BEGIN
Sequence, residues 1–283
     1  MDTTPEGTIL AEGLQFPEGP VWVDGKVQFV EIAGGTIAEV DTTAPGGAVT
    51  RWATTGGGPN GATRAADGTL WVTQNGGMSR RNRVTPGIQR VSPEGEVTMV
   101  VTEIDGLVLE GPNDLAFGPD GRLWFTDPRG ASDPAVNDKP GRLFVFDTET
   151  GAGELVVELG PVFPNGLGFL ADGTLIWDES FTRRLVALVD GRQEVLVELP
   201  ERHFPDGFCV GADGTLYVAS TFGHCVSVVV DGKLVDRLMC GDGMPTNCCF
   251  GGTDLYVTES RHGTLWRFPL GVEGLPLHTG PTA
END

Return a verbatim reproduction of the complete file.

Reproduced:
Sequence, residues 1–283
     1  MDTTPEGTIL AEGLQFPEGP VWVDGKVQFV EIAGGTIAEV DTTAPGGAVT
    51  RWATTGGGPN GATRAADGTL WVTQNGGMSR RNRVTPGIQR VSPEGEVTMV
   101  VTEIDGLVLE GPNDLAFGPD GRLWFTDPRG ASDPAVNDKP GRLFVFDTET
   151  GAGELVVELG PVFPNGLGFL ADGTLIWDES FTRRLVALVD GRQEVLVELP
   201  ERHFPDGFCV GADGTLYVAS TFGHCVSVVV DGKLVDRLMC GDGMPTNCCF
   251  GGTDLYVTES RHGTLWRFPL GVEGLPLHTG PTA